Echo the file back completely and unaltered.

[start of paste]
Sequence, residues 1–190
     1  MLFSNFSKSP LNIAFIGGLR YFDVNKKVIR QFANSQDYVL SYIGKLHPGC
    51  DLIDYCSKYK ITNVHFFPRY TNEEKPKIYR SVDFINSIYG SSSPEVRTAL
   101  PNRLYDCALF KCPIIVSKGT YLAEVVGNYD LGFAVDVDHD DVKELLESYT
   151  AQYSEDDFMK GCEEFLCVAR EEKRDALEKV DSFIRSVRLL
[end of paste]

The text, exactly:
Sequence, residues 1–190
     1  MLFSNFSKSP LNIAFIGGLR YFDVNKKVIR QFANSQDYVL SYIGKLHPGC
    51  DLIDYCSKYK ITNVHFFPRY TNEEKPKIYR SVDFINSIYG SSSPEVRTAL
   101  PNRLYDCALF KCPIIVSKGT YLAEVVGNYD LGFAVDVDHD DVKELLESYT
   151  AQYSEDDFMK GCEEFLCVAR EEKRDALEKV DSFIRSVRLL